Self-devouring rocket cannibalizes itself for extra fuel
If a new rocket developed by University of Glasgow engineers seems to get smaller as it burns, your eyes aren't playing tricks. It is. The new Ouroborous-3 (sic) rocket engine conserves fuel by eating itself as it burns.
In Jules Verne's classic novel Around the World in 80 Days, Phineas Fogg was in danger of losing his globetrotting bet as he crossed the Atlantic Ocean when the ship he's traveling on runs out of coal. His solution was to buy the ship and then have all of its wooden parts burned, leaving the vessel little more than a metal skeleton when he reached Ireland.
Under funding from the UK Space Agency and the Sciences and Technology Facilities Council, the University of Glasgow is turning an updated version of this scenario into a practical way of launching payloads into space more efficiently.
The idea isn't a new one. It's been around since 1938, but it wasn't until 2018 that the Glasgow team in partnership with Dnipro National University in Ukraine were able to get the engineering to the point where it would work in a bench-top setup. Now, they're taking the next step with an unsupported rocket engine that can feed itself with itself while also running stable, throttling, pulsing, and restarting.
The Ouroborous-3 is self-eating because its fuselage consists of a high-density polyethylene plastic tubing that is melted by the waste heat of the engine. The molten plastic is then mixed with the liquid oxygen and propane and fed into the combustion chamber. According to the team, the tricky bit was to get the plastic fuselage to keep its shape without buckling as the rocket shrinks.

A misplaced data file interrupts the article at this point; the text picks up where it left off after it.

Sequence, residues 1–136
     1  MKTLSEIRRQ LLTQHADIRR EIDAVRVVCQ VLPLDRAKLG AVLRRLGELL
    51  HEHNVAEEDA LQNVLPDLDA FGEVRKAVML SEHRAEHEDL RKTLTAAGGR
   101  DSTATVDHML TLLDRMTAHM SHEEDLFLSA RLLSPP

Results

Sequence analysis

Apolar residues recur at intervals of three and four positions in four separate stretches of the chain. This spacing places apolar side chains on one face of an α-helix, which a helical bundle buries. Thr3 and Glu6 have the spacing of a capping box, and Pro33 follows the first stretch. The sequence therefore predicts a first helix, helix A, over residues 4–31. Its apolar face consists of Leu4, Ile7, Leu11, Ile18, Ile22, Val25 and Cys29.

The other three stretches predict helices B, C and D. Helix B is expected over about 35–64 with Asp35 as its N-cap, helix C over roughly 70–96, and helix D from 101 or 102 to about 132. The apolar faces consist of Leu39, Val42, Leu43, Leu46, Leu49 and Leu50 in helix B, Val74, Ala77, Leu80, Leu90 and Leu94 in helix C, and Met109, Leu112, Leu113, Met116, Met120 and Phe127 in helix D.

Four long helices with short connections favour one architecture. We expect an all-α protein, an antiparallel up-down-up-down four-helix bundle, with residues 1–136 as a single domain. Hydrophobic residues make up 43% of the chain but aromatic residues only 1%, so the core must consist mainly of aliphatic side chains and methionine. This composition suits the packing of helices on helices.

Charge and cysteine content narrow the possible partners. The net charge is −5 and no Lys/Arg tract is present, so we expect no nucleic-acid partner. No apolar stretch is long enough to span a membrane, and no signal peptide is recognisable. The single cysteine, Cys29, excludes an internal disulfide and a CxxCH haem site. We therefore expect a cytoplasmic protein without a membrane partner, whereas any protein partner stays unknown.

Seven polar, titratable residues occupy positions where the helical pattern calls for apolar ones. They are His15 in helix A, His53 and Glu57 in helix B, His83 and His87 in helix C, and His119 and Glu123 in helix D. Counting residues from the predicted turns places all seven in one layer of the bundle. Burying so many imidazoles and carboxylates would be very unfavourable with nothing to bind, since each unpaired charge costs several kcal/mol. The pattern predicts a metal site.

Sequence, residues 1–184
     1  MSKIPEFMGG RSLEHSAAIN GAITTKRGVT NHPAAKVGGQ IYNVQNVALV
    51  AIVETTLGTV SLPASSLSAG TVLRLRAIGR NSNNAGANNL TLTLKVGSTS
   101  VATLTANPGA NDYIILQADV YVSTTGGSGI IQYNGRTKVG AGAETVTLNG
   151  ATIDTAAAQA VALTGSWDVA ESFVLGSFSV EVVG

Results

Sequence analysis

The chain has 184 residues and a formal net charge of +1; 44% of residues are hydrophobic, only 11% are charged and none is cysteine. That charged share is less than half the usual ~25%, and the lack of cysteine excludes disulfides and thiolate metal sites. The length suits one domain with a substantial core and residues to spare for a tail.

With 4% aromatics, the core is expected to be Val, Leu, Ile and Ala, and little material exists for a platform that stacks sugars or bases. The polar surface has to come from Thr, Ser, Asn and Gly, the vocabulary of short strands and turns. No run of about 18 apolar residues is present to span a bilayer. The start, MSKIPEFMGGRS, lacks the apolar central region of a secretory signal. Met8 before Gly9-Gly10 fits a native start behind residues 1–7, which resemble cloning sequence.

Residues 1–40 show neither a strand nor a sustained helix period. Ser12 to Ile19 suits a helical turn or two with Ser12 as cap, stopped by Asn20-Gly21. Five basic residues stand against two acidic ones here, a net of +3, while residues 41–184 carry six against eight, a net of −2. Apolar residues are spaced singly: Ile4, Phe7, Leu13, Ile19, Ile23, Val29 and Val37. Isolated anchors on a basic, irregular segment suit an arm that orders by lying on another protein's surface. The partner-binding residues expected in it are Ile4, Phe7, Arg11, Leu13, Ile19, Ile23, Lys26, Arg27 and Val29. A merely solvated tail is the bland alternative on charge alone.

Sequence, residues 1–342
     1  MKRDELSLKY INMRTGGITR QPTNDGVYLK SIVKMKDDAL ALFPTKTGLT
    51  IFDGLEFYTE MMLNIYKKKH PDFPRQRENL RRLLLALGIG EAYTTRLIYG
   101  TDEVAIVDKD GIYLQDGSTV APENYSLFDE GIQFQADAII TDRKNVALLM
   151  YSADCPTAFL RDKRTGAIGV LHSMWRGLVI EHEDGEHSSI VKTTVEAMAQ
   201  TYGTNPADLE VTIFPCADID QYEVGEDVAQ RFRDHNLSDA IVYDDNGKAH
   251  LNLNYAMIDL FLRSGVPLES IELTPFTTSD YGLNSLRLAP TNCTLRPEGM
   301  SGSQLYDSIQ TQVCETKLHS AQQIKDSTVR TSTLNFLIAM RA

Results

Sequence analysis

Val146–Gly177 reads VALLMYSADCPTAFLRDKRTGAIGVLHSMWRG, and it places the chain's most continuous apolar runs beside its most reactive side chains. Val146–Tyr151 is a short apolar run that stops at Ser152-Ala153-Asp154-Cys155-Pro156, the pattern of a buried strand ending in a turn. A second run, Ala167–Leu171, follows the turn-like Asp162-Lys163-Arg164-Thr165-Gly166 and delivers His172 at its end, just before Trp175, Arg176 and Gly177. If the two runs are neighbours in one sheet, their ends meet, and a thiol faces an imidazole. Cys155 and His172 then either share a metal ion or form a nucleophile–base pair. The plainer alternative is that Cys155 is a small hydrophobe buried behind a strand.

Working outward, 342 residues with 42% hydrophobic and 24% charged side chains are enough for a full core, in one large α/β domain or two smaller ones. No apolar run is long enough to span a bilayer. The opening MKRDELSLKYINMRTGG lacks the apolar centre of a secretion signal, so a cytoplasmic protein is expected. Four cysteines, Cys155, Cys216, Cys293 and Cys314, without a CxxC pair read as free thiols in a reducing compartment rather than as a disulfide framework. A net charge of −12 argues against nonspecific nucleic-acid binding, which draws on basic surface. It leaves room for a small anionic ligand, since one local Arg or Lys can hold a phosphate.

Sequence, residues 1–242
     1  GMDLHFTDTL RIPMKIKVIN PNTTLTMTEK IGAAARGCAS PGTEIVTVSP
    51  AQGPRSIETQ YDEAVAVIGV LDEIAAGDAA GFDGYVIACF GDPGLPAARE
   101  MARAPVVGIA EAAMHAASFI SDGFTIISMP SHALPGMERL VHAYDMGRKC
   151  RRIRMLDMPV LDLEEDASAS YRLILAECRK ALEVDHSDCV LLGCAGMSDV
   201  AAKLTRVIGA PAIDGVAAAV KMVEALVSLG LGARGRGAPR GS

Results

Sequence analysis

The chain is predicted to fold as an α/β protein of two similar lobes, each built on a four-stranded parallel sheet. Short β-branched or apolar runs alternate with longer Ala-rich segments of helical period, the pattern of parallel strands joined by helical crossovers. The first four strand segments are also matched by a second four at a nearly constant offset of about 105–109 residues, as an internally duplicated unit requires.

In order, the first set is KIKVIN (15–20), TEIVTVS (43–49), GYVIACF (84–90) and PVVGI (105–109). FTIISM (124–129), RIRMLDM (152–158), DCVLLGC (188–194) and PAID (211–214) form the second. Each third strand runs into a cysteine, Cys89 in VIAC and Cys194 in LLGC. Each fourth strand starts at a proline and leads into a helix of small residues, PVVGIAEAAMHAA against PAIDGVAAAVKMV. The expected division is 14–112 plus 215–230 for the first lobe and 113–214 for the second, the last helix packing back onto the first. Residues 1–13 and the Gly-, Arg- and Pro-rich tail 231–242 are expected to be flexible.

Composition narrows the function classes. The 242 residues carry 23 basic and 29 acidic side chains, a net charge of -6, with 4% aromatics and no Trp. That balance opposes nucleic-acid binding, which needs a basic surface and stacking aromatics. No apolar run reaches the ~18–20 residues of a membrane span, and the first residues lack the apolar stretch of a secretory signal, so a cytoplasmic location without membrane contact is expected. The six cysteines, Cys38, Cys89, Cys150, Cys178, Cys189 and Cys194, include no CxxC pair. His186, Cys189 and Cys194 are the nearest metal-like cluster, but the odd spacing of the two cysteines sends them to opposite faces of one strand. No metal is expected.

The thinking behind all this autophagous engineering is that most of the weight of a rocket consists of the propellants needed to lift the rocket itself and the payload off the ground. In addition, more fuel is needed to lift the fuel needed to lift the rocket, payload, and fuel, and more fuel to lift that, and more fuel to lift that. And so on.
By burning up bits of the rocket, this not only provides more fuel, it also lightens the vehicle, allowing for either more payload or lifting payloads to higher orbits. This makes certain missions, such as launching swarms of nanosatellites, more affordable.
The latest tests of Ouroborous-3 were carried out at the MachLab facility at RAF Machrihanish on the Kintyre peninsula, where it generated a thrust of 22.5 lb. Not much, but a start.
“These results are a foundational step on the way to developing a fully-functional autophage rocket engine," said Professor Patrick Harkness, of the University of Glasgow’s James Watt School of Engineering. "Those future rockets could have a wide range of applications which would help advance the UK’s ambitions to develop as a key player in the space industry.
"A conventional rocket’s structure makes up between five and 12% of its total mass. Our tests show that the Ouroborous-3 can burn a very similar amount of its own structural mass as propellant. If we could make at least some of that mass available for payload instead, it would be a compelling prospect for future rocket designs."
The results of the tests were presented at the AIAA SciTech Forum.
The video below shows a test firing of the Ouroboros-3 rocket engine.
Source: University of Glasgow